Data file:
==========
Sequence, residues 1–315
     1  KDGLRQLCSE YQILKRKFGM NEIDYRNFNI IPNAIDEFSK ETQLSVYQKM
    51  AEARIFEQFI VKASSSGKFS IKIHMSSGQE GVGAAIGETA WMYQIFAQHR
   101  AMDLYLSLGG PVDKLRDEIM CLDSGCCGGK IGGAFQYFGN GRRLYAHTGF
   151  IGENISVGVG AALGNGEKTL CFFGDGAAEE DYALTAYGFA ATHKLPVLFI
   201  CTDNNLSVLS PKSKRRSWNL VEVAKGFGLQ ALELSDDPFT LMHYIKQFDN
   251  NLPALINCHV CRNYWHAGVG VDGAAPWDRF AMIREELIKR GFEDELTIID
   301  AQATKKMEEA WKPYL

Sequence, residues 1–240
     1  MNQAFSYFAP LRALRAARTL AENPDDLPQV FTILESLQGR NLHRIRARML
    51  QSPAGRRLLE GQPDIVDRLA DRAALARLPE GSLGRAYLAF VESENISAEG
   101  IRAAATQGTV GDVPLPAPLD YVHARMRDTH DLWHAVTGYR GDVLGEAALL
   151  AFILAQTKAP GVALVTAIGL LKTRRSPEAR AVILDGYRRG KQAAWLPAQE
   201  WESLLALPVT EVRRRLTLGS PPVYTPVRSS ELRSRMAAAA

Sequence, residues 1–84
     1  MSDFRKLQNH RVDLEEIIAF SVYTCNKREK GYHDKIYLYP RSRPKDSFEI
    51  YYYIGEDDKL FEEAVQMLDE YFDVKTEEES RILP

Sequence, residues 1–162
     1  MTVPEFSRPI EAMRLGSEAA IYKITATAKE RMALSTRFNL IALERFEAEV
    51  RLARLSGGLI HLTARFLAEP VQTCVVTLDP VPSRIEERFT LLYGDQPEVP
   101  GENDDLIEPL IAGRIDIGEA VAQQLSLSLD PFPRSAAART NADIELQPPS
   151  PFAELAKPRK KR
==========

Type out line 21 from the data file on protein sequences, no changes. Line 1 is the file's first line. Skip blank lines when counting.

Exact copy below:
   101  GENDDLIEPL IAGRIDIGEA VAQQLSLSLD PFPRSAAART NADIELQPPS